Misdiagnosing English Bulldog Health Issues

Common English Bulldog Health Issues

What is a dog breeder's job?

Who we are and why we are the authority on the English Bulldog Breed

We have devoted the last 15 years to improving the health of the English Bulldog breed in the United States. Instead of following the current unhealthy breed standards, we set out to change the breed for the better, focusing on lighter wrinkle sets, slightly longer snouts and extensive health testing. Through years of dedication we have been able to significantly improve the health characteristics within our bloodlines and give hope to the breed that health improvements are possible. Along the way, we have also become thought leaders in proper bulldog training, care and behavioral studies.

Bulldogs are known for having health and breathability issues. That’s why we put so much effort into breeding healthier Bulldogs.

Unfortunately, some vets believe in correcting these problems in every Bulldog. They might recommend surgery for every Bulldog without checking if they actually suffer from these issues.

Every surgery has inherent risks. Bulldogs are at higher risk because they tend to have more trouble breathing, and anesthesia can complicate that upon waking up. That doesn’t mean that surgery is too risky for a Bulldog, but it does mean that vets need to take more precautions.

Some health problems are more commonly misdiagnosed than others, and elongated soft palate, stenotic nares, and hip dysplasia make up the top three.

1. Elongated soft palate

An elongated soft palate is common in Bulldogs. It can limit their airflow and cause them to suffer from more respiratory problems.

In a palate surgery, a vet will trim the soft palate in the back of the throat to allow more air to pass.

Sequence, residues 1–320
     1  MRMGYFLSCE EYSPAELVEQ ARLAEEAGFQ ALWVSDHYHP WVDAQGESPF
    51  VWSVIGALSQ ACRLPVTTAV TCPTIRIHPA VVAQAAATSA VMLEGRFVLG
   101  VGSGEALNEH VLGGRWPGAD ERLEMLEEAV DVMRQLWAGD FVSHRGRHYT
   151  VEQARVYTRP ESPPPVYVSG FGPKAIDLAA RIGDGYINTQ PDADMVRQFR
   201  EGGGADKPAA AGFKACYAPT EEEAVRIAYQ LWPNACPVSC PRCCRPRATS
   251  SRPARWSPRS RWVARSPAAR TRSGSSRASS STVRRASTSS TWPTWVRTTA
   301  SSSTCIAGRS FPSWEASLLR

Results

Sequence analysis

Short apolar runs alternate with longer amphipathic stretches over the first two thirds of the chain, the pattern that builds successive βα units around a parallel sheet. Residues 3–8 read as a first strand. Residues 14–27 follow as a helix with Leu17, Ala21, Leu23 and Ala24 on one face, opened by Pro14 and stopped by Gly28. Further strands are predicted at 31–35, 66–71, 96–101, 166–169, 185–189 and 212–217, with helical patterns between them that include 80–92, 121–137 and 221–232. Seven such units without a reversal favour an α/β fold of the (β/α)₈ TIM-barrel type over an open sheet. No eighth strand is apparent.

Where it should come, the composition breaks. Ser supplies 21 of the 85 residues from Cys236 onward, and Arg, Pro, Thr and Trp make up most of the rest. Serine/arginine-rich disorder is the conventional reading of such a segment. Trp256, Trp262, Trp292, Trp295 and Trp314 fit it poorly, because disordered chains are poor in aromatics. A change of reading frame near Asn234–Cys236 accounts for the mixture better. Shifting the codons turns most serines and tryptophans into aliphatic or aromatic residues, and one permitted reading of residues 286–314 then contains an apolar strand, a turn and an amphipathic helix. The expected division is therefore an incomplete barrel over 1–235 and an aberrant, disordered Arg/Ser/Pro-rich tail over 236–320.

If your bulldog needs it, this is a very necessary surgery. However, only two of our bulldogs have needed this surgery so far, and there is a risk that your bulldog could die.

2. Stenotic Nares

Stenotic nares or pinched nostrils are another factor that can affect a Bulldog’s breathability. It is also a health factor that we have worked to improve in our bulldogs. 

Again, if your bulldog has this issue, it should be corrected. But, you want to be sure that it is being corrected because they have stenotic nares, not just on principle.

3. Hip Dysplasia

Hip dysplasia is commonly misdiagnosed in bulldogs because, compared to the standard definition, every bulldog has it.

For a golden retriever or a german Shepard, hip dysplasia is a problem that causes pain and should be corrected. However, for a bulldog, it is a result of muscle structure and their natural build.

Bulldogs have about 60% of their weight resting on the front legs. They also have a robust muscle structure surrounding the hips, taking stress off the joints. The combination of weight redistribution and muscle support makes it unlikely that Bulldogs will experience pain from it.

It’s an expensive and difficult problem to fix. If you are concerned that your Bulldog might have pain in their hips, watch to see if they have difficulty moving around.

We are not trying to discourage you from accepting surgery or seeking medical care for your bulldog. These are real problems that should be treated if your dog has them. The important thing is to see a vet who will treat the needs of your dog instead of the breed in general.